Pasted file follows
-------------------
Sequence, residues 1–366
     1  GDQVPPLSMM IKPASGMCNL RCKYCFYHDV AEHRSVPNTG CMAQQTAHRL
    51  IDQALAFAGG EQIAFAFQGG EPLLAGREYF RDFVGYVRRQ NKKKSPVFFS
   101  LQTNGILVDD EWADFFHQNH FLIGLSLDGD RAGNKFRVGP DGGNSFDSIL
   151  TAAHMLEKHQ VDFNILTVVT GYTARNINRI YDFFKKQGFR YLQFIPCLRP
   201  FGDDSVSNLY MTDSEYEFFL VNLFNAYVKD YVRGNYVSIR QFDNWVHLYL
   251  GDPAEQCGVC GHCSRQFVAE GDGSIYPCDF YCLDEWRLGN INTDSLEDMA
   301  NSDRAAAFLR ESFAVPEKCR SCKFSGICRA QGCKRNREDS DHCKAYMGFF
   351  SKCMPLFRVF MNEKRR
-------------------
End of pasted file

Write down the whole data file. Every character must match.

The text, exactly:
Sequence, residues 1–366
     1  GDQVPPLSMM IKPASGMCNL RCKYCFYHDV AEHRSVPNTG CMAQQTAHRL
    51  IDQALAFAGG EQIAFAFQGG EPLLAGREYF RDFVGYVRRQ NKKKSPVFFS
   101  LQTNGILVDD EWADFFHQNH FLIGLSLDGD RAGNKFRVGP DGGNSFDSIL
   151  TAAHMLEKHQ VDFNILTVVT GYTARNINRI YDFFKKQGFR YLQFIPCLRP
   201  FGDDSVSNLY MTDSEYEFFL VNLFNAYVKD YVRGNYVSIR QFDNWVHLYL
   251  GDPAEQCGVC GHCSRQFVAE GDGSIYPCDF YCLDEWRLGN INTDSLEDMA
   301  NSDRAAAFLR ESFAVPEKCR SCKFSGICRA QGCKRNREDS DHCKAYMGFF
   351  SKCMPLFRVF MNEKRR